Employee Satisfaction: Underlying Issues in the Workplace

Summary
Studies have previously shown that most adults who hold a paying job are generally satisfied with their jobs, but the numbers dip with specific factors like flexibility, recognition of their efforts and opportunities for growth. This survey showed that 69 percent are satisfied with their jobs but less than half feel that their efforts are recognized, and only 35 percent feel they are given opportunities to grow at work. It was also seen that 36 percent feel stressed and 49 percent feel stressed due to low salary. Only 52 percent feel they are valued at work by their employers.

Introduction
While many people hold meaningful employment, a large number are dissatisfied with their work and workplace for certain specific reasons. Some feel dissatisfied with their job and the opportunities offered by it. It is also often perceived that many feel stressed in their work environment and feel that their efforts are not recognized. This survey was conducted online among the American workforce to assess what percentage of workers are happy with their employment and the actual reasons that lead to dissatisfaction among workers. This study also examined the factors that lead to stress among the workforce and the effects of pay on stress related to jobs.

Methodology
* The study was called the “Stress in the Workplace” survey. It was an online survey that took place from January 31 to February 8, 2011.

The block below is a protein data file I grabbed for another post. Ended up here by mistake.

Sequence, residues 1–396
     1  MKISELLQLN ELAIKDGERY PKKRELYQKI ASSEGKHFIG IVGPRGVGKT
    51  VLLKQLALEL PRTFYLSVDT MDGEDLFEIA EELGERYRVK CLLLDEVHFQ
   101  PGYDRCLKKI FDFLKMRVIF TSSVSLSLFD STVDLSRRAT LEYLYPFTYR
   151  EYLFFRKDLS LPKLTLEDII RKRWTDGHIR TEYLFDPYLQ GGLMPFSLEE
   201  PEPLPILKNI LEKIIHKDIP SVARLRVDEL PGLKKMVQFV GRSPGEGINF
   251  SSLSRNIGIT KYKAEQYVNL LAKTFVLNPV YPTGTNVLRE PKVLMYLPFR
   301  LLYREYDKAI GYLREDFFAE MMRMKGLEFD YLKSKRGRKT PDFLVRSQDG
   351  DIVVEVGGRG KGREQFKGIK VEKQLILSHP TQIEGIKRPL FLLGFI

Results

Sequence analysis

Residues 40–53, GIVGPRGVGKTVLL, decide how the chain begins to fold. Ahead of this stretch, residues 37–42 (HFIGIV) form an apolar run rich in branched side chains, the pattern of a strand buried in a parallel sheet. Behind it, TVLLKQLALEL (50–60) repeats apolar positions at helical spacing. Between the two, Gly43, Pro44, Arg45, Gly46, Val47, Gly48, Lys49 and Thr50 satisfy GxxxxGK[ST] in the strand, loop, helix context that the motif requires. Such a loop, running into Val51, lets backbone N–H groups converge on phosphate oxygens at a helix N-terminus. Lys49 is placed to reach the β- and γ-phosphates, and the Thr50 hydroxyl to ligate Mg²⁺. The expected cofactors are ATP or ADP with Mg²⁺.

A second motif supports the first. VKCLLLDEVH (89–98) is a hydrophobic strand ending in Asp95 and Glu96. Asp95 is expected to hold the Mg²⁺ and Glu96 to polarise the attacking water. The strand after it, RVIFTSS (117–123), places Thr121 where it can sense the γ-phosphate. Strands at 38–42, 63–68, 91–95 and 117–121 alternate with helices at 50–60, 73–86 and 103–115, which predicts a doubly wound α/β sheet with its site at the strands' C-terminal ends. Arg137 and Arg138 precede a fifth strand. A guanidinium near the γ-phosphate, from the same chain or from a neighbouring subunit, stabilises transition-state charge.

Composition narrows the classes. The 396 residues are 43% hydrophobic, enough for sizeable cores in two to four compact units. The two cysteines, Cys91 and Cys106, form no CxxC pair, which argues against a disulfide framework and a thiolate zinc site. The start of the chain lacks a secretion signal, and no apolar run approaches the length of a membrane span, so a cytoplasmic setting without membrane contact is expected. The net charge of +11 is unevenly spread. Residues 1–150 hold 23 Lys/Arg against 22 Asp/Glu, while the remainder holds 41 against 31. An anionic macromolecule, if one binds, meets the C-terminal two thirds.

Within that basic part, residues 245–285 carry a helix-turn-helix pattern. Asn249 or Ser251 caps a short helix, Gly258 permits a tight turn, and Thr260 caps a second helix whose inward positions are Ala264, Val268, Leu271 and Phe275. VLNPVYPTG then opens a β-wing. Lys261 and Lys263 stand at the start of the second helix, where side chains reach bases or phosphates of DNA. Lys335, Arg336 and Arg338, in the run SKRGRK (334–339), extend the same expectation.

* The number of interviewed subjects was 1,546 adults who held full- or part-time jobs or were self employed.
* The participants were asked about their age, gender, nature of work, education and income, and their job satisfaction profile.

Results
* The results showed that 69 percent of the interviewed subjects were generally happy with their jobs. Of these, 46 percent were happy with the recognition they got at their workplace and 35 percent felt they were offered opportunities at work for advancement.
* About 36 percent of the subjects reported stress at work and 49 percent blamed their insufficient salary as the reason for their stress. Among the participants, 20 percent reported very high levels of stress at work.
* As many as 43 percent felt they were not given enough opportunities for advancement, 43 percent complained of a heavy work burden, 40 percent reported unrealistic expectations at work and 39 percent reported extra hours at work contributing to stress. Some 32 percent said they wanted to change jobs. As many as 64 percent reported salary cuts during the recession.
* Only 52 percent reported that they felt valued by their employers and 66 percent felt they were given the motivation to put in their best.

Shortcomings
The researchers agree that since the participants were selected based on an online invitation, the sample of workers may not be representative of the actual workforce and its problems.

Conclusion
This study showed that although more than two thirds of the workforce said they were satisfied with their employment, many reported underlying problems. Less than half of all working people feel they are given due recognition and only one third feel they are offered opportunities. Work-related stress is another major complaint, with many participants citing various reasons for stress. After the recession, many workers reported increased stress due to cutbacks and layoffs. This study also found that nearly a third feel they would look for a job change within the next year. These alarming trends reflect dissatisfaction among the workforce and need to be addressed for overall happiness.

For More Information:
Stress in the Workplace
American Psychological Association, March 2011
By Harris Interactive

*FYI Living Lab Reports Are Summaries of the Original Research.
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